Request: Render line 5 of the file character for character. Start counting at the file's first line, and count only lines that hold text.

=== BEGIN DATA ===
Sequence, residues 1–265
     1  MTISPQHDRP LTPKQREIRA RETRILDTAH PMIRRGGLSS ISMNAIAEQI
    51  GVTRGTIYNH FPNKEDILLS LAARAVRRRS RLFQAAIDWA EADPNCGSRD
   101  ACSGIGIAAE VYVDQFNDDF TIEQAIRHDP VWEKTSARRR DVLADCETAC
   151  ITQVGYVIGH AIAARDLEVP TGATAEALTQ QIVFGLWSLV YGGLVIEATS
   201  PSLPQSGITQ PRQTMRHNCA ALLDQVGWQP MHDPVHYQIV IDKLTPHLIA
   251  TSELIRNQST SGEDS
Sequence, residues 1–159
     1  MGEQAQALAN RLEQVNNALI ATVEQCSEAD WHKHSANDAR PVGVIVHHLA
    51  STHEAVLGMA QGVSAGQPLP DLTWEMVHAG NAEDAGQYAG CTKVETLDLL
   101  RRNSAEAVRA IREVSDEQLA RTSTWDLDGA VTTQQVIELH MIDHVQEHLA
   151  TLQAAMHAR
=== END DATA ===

   151  ITQVGYVIGH AIAARDLEVP TGATAEALTQ QIVFGLWSLV YGGLVIEATS